1863 – The first military draft in the U.S. is held. Exemptions to service during the Civil War cost $100.
1898 – President McKinley signs the resolution of annexation of the Hawaiian Islands.
1946 – Mother Frances Xavier Cabrini is canonized as the first American citizen to become saint. Mother Frances is born in Italy but becomes an American citizen.
She died in Chicago in 1917.
1948 – The Cleveland Indians sign 42-year-old Satchel Paige to a baseball contract. He is the oldest rookie in baseball history. Paige died in 1982 at age 75. Watch a short bio:
1949 – “Dragnet” starring Jack Webb premieres on NBC radio. Dragnet is also a TV series in 1951 and 1967, also starring Jack Webb.
1981 – Sandra Day O’Connor is nominated as the first woman Supreme Court Justice. She is unanimously confirmed by Congress on July 8. She submits her letter of resignation from the Court in 2005. O’Connor is now 85 yers old.
1983 – Eleven-year-old Samantha Smith of Manchester, Maine, leaves for a visit to the Soviet Union at the personal invitation of Soviet leader Yuri Andropov after she writes him a letter. Watch Ted Koppel’s interview with Samantha:
1987 – Lt. Col. Oliver North begins public testimony at the Iran-Contra hearing.
1994 – Amazon.com, Inc. is founded in Seattle, Washington, by Jeff Bezos under the name “Cadabra” but the name is quickly changed to Amazon.
1693 – New York City authorizes the first police uniforms in the American colonies.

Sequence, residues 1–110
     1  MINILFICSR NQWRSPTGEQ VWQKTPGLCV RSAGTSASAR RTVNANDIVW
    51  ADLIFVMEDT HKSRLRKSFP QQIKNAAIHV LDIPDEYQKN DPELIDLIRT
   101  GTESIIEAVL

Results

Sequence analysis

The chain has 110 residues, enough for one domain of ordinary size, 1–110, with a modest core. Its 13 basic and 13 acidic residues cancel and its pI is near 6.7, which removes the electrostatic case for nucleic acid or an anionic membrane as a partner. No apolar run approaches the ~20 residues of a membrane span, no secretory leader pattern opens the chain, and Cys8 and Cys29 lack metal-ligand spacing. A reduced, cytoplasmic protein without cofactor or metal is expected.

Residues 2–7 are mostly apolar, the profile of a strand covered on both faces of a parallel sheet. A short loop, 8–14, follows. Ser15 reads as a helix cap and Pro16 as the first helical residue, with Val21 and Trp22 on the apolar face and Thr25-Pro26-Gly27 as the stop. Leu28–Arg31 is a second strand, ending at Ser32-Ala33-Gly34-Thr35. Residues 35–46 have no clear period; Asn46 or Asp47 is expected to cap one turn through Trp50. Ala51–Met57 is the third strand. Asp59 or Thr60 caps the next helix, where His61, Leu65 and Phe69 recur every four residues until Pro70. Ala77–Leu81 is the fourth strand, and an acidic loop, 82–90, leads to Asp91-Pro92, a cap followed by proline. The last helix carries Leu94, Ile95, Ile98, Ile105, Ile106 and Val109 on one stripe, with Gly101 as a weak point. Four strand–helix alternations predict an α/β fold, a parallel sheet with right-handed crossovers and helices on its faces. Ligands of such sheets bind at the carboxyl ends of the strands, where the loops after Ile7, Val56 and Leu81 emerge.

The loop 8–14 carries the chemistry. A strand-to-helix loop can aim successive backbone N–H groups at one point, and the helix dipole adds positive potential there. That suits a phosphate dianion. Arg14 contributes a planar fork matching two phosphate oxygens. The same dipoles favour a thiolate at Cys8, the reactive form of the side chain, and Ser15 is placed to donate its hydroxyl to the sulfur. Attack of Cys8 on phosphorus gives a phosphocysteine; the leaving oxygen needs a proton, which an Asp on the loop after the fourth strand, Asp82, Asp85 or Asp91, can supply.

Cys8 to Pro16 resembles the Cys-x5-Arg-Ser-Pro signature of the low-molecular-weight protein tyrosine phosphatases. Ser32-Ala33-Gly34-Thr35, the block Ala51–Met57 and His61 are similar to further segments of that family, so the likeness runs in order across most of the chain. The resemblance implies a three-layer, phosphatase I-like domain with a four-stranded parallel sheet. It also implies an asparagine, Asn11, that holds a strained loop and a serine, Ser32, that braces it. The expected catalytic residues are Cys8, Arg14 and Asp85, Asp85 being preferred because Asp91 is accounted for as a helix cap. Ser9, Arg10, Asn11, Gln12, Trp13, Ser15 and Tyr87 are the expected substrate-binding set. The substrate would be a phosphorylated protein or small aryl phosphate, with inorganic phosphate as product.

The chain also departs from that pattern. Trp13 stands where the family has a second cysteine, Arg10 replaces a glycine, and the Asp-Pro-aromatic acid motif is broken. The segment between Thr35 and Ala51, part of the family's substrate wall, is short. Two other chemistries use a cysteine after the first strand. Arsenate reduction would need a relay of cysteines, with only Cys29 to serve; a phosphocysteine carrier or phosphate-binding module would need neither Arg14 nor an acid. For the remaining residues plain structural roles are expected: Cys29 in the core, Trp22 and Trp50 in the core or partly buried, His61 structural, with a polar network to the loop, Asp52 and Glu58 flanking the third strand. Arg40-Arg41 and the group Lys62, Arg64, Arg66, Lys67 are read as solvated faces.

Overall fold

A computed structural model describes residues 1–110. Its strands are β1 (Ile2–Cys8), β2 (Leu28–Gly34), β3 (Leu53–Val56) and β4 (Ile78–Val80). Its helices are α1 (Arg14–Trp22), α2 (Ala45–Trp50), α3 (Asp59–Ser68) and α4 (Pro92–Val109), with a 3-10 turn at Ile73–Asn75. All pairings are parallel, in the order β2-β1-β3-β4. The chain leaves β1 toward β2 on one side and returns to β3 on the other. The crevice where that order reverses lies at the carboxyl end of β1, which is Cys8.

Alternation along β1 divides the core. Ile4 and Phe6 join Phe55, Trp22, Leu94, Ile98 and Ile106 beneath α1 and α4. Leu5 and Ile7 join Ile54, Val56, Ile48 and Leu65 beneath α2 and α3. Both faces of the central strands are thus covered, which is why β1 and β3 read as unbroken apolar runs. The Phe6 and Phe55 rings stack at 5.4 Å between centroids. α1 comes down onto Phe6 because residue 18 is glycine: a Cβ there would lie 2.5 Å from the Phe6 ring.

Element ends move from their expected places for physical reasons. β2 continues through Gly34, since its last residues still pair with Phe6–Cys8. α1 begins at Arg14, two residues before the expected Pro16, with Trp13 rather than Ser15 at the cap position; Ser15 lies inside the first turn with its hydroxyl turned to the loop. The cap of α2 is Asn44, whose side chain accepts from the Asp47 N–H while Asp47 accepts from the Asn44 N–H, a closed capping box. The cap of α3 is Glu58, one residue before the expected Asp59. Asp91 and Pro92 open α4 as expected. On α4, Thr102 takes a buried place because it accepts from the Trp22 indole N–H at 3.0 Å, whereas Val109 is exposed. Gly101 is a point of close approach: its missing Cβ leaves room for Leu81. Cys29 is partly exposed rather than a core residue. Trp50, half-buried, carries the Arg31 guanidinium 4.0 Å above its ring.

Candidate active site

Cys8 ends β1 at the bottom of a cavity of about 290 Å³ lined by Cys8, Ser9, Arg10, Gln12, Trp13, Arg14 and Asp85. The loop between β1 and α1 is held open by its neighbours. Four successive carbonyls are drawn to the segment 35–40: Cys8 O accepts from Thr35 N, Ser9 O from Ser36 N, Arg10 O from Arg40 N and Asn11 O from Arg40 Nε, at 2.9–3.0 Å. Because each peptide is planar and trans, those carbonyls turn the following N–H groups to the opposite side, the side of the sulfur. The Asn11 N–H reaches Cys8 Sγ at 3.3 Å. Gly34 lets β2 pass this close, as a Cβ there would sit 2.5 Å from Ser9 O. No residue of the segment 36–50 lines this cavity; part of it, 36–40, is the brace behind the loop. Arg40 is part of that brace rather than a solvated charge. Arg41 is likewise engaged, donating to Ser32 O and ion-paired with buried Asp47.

1776 – Col. John Nixon gives the first public reading of Declaration of Independence. It is read aloud at the State House in Philadelphia.
1796 – The U.S. State Department issues the first American passport.
1797 – William Blount of Tennessee becomes the first U.S. senator to be expelled by impeachment. He is allegedly part of a conspiracy to assist England in taking possession of Louisiana and parts of Florida. Blount fails to appear before the Senate to answer the charges.
1889 – The Wall Street Journal begins publishing.
1911 – Nan Aspinwall is the first woman to complete a solo transcontinental trip by horse when she arrives in New York City. She leaves San Francisco on her horse Lady Ellen on September 1, 1910. Aspinwall makes the ride on a bet by Buffalo Bill Cody. Aspinwall died in 1968 at age 88.
1932 – The Dow Jones Industrial Average closes at its lowest during the Depression (41.22).
1948 – The Milton Berle Show (“Texaco Star Theater”) premieres on NBC TV. The show runs under various names on various TV networks until 1956. Berle died in 2002 at age 93. Watch the show’s opening and closing:
1950 – Gen. Douglas MacArthur becomes commander-in-chief of UN forces in Korea by order of President Truman. MacArthur is relieved of his command by Truman in April of 1951. MacArthur later tells Congress, “Old soldiers never die; they just fade away.”
1963 – All Cuban-owned assets in the U.S. are frozen.